We did not explore the town, but walked instead by an old wooden lock located by the river, in a separate channel. A man was maneuvering his boat into the lock. He never looked up, but he obviously knew what he was doing. He jumped to the side and, using a big paddle like a handle, shut the lock gates. Then he turned wheels and opened two sluice gates. Creamy, green water gushed from one part of the lock to the other, and his boat rose to meet another level of river. Then he reopened the gates, untied his boat, jumped back on, and put-putted away. I felt like applauding. I could not imagine myself doing such a thing. I would have panicked and, no doubt, disrupted the flow of water or disabled the lock.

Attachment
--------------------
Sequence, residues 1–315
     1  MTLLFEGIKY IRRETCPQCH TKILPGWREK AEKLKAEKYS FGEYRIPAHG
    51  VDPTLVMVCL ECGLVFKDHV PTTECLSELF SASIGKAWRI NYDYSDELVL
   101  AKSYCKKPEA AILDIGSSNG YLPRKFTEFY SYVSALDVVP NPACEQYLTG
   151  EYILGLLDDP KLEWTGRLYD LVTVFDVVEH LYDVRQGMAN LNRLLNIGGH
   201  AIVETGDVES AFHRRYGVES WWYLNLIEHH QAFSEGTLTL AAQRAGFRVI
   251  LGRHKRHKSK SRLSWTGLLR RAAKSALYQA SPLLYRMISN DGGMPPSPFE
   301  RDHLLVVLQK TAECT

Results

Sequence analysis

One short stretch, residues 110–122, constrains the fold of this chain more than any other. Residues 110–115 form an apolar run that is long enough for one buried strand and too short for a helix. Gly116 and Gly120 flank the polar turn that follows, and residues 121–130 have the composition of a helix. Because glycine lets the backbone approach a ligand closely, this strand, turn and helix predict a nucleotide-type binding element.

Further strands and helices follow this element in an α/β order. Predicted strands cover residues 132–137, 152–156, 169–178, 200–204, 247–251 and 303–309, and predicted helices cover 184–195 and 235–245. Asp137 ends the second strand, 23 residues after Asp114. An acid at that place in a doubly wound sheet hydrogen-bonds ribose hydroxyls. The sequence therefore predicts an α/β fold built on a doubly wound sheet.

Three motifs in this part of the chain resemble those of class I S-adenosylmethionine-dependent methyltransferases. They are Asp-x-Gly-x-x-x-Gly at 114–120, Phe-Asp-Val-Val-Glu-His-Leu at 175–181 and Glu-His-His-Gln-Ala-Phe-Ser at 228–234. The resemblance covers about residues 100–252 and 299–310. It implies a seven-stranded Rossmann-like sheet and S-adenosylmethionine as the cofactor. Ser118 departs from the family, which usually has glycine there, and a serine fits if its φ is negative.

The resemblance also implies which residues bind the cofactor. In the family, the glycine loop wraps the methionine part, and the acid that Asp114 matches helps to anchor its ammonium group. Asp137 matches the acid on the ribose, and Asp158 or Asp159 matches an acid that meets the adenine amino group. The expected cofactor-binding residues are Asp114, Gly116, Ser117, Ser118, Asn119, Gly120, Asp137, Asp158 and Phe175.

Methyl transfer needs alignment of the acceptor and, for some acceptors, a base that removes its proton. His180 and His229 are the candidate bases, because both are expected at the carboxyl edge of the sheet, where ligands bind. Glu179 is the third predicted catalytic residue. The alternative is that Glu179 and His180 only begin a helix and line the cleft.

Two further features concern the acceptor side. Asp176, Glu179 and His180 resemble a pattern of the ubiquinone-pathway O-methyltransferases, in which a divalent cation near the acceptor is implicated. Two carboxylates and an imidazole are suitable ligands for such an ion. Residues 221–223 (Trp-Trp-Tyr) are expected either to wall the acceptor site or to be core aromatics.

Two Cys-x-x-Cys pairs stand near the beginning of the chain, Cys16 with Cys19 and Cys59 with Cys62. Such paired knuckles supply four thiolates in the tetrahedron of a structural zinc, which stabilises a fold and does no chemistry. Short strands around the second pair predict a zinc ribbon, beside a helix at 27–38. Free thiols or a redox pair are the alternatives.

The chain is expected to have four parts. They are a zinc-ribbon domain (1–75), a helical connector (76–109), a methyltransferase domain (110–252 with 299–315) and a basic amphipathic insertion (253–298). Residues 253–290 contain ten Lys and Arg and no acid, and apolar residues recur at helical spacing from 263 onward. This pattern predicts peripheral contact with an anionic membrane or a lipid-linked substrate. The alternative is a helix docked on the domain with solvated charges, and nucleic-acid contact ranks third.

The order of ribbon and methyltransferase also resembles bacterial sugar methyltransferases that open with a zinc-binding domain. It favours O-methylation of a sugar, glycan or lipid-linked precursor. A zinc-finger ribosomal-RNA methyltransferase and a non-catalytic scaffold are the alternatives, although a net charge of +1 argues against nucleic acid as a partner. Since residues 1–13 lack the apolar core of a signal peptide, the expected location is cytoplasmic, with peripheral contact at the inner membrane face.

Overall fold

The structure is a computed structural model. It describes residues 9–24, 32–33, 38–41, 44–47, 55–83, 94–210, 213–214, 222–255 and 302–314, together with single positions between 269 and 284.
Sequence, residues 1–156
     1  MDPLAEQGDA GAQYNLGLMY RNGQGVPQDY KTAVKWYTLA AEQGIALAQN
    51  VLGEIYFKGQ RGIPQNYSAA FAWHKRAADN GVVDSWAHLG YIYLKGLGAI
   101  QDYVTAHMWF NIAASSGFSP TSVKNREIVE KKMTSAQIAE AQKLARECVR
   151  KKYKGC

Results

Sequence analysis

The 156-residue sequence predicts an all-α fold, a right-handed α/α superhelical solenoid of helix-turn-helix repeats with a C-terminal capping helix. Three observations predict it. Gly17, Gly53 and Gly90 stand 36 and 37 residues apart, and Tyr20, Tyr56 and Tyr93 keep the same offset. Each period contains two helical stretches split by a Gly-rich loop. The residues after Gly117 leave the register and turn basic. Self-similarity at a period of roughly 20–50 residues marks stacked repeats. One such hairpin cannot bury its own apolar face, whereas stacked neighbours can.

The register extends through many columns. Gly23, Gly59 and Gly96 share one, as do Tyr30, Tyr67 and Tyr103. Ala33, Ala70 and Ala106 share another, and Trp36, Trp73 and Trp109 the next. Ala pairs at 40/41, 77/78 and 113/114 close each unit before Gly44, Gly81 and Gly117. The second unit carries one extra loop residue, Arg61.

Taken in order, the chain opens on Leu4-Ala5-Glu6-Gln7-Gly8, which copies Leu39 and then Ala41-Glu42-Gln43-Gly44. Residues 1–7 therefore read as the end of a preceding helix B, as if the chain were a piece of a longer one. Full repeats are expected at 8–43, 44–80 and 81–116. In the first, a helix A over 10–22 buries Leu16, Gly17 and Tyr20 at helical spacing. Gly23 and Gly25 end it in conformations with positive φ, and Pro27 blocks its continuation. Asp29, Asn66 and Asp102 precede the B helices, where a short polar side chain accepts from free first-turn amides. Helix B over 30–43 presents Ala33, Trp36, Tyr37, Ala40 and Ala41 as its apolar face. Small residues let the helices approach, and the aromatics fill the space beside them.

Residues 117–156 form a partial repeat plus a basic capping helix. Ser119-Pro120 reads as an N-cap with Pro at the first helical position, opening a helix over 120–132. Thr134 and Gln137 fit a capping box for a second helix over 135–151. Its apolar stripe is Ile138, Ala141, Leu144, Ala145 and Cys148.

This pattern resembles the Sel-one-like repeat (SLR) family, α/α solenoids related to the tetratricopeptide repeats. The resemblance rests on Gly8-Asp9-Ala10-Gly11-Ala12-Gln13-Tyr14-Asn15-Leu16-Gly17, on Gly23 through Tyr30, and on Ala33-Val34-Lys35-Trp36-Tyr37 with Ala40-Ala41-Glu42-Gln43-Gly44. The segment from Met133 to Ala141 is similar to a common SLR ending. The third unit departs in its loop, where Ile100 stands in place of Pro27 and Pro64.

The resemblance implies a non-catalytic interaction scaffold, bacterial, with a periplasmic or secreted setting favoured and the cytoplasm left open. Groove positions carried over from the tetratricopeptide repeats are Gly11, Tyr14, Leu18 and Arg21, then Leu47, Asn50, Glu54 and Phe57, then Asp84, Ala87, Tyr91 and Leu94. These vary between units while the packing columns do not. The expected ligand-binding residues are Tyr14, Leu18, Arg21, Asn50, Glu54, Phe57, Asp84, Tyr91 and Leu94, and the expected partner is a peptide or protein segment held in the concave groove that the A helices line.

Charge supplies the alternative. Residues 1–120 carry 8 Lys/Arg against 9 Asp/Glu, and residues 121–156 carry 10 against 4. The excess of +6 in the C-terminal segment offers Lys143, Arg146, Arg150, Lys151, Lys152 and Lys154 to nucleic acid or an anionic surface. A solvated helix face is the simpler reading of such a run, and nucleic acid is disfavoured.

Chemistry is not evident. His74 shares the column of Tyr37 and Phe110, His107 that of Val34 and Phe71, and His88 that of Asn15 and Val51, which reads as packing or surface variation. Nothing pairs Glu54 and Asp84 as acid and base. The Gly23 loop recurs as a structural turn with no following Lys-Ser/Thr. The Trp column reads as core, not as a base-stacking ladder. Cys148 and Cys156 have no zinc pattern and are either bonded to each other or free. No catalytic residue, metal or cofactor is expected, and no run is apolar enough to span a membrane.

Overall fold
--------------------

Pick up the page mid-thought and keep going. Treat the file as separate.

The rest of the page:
Just beyond the bridge, the river widened and opened up, with an old mill on one side and the squat gorge on the other side. We enjoyed the view but had seen enough. Looking for Oscar’s old haunts seemed a bit silly now, even to me. Besides, we were all very hot and getting hungry.
Losing the Ties that Bind Us
5 weeks ago